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LEGAL DICTIONARY

Articles of Organization

What are Articles of Organization?

In order to establish a limited liability company (LLC), you need to file legal documents with your state. An LLC's articles of organization contain basic information about the organization and establish the rights, duties, powers, liabilities, and obligations of each member of the LLC.

Filing requirements can vary from state to state. Most states have a form you can use to file your articles of organization, which may also be called "articles of formation" or "certificates of formation."

Why Are Articles of Organization necessary?

There are several important benefits of an LLC for its members. For example, an LLC has its own legal identity separate from that of its owners. That means owners are not held personally accountable for the actions or debts of the company. An LLC also offers tax advantages.

However, an LLC does not legally exist until the state approves its articles of organization, making them an essential part of the formation of any LLC.

What Information Is Included in Articles of Organization?

Many states allow you to complete this essential paperwork online. You can also download and complete the forms before mailing them or bringing them to your secretary of state's office. Your form will include a state statute number.

States vary in what they require, but here is a list of information that states typically require in articles of organization.

  • Name of the LLC: You should make sure you use a name that is not already in use in your state. Check to see if your state has any other rules for naming your LLC.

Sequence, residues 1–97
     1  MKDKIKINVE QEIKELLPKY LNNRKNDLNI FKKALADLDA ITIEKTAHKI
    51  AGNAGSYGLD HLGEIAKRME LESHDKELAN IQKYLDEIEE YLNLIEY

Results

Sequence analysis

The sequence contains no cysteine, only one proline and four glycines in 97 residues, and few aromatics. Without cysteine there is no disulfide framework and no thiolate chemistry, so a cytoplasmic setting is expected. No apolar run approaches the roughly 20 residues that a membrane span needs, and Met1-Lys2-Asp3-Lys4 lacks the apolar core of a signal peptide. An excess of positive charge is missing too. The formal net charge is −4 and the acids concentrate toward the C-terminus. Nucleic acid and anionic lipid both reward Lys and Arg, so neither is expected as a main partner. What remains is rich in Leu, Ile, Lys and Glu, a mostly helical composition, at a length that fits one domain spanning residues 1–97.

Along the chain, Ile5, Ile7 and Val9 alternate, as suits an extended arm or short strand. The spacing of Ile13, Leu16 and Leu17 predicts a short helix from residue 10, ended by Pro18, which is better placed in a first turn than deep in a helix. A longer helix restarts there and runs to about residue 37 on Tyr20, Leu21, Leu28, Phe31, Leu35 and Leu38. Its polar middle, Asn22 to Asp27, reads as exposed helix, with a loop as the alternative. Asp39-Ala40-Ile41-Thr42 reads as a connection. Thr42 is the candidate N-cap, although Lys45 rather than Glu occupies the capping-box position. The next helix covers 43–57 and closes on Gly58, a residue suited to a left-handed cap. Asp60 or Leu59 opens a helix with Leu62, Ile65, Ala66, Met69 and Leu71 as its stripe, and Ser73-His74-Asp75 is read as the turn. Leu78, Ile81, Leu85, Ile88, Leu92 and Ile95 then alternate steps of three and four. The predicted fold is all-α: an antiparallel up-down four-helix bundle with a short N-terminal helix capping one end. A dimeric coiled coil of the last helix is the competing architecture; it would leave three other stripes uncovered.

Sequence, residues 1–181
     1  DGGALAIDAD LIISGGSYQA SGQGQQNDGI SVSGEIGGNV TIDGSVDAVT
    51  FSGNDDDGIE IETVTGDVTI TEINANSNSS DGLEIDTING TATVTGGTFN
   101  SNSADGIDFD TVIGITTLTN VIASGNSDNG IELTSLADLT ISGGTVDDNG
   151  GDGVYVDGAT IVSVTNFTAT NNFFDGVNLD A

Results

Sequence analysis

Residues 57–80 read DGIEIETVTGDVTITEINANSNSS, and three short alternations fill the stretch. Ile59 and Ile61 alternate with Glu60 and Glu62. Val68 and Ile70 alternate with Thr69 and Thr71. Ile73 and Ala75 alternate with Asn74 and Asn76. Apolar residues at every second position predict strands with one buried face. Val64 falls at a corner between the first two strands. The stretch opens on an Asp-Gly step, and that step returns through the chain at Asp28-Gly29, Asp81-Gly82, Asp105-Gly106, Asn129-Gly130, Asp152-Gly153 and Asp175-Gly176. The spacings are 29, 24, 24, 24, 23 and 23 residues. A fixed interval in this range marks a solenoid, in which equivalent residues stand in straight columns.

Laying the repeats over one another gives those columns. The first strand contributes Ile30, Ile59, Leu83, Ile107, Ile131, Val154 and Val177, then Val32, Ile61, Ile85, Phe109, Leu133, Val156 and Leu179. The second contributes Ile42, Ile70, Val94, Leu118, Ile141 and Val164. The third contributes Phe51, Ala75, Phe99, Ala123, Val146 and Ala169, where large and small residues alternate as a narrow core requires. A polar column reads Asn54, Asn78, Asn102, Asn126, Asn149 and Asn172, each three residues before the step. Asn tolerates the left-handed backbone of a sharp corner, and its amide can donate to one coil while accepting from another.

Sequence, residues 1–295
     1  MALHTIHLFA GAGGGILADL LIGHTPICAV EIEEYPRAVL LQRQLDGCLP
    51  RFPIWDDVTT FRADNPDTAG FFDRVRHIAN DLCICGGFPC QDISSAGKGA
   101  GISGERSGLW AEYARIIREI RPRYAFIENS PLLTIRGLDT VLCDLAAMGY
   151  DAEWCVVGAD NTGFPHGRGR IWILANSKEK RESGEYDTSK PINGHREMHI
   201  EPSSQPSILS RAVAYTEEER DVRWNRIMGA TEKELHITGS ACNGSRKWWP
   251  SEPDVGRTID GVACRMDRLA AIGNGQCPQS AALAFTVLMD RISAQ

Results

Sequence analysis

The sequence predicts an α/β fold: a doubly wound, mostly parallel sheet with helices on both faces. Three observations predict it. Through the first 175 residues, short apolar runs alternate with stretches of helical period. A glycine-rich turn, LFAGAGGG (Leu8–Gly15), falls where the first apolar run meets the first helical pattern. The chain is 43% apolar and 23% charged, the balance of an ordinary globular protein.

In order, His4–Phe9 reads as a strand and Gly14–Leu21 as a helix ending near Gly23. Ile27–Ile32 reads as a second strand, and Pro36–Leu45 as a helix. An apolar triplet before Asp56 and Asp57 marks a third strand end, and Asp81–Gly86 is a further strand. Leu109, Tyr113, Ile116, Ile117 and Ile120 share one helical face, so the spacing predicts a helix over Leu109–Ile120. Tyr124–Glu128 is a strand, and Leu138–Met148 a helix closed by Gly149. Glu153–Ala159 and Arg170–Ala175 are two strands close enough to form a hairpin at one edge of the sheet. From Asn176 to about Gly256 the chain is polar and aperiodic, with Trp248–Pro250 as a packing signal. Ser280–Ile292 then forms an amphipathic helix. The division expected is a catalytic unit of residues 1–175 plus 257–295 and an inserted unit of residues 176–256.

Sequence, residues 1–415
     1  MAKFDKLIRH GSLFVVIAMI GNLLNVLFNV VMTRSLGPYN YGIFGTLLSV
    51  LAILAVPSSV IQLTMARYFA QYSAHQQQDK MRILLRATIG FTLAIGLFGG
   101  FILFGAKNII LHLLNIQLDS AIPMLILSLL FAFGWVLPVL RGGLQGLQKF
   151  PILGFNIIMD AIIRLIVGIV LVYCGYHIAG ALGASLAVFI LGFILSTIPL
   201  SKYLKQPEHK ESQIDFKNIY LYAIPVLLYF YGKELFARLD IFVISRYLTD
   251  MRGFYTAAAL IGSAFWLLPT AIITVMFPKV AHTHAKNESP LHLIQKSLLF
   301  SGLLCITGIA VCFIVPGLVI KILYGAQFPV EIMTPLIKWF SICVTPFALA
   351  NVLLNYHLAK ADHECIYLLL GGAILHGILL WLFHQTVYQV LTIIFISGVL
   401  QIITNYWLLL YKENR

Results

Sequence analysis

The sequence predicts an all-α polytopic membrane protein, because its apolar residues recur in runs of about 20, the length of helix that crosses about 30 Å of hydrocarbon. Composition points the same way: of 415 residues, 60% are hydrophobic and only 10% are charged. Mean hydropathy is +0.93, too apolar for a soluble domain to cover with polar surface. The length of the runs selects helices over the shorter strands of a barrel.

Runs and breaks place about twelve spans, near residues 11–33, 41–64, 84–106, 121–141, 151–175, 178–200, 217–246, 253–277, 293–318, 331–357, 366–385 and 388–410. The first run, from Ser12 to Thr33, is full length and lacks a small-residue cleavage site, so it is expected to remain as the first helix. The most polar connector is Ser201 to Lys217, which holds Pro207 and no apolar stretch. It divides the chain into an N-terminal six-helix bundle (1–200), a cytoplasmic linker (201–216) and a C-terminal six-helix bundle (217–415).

• LLC's business address: Many states require your LLC to have an in-state street address.
  • Business mailing address: Include this information if your mailing address differs from the street address you provide.
  • Statement of purpose: In many states, this statement can have broad wording, such as "any and all business purposes for which an LLC may be organized."
  • Members' names: All states require the names of the members, while some states also require their physical addresses.
  • Effective date: Here is when you specify the date (now or in the future) when you want the LLC to be established.
  • Registered agent: Most states require you to list the name and physical address of the registered agent, or the person who receives legal documents on behalf of your company.
  • LLC duration: Will your LLC be perpetual or indefinite? A perpetual LLC exists without expiration until it is dissolved, while an indefinite LLC has a dissolution date that you need to state in the articles of organization.

FAQs About Articles of Organization

  • What is the difference between an LLC's articles of organization and an operating agreement?

    In order for an LLC to exist legally, you must file articles of organization with your state. This information then becomes part of the public record.

    An LLC operating agreement is an internal document that is not filed with the state or any governing body. It offers more specific details on how the LLC will operate and how it will be managed.

  • What is the difference between articles of organization and articles of incorporation?

    These documents have a similar purpose but have one main difference – the type of business structure. Articles of incorporation are for companies forming a corporation, while articles of organization are for LLCs.

  • Do I need an attorney to file articles of organization?

    No. You can file articles of organization on your own without the assistance of an attorney.

  • Do I need to register the name of my LLC separately?

    No. Registering your LLC with articles of organization also registers your business name.

  • Can the state reject my articles of organization?

    Yes. Your state can reject the new business for various reasons, including not paying the filing fee, making errors in completing the form or using an unavailable business name.

  • What happens next?

    After you file the articles of organization, the state reviews them. If the state gives its approval, it will issue a certificate of formation. You use this document to obtain an Employer Identification Number (EIN) from the IRS and to open a business bank account.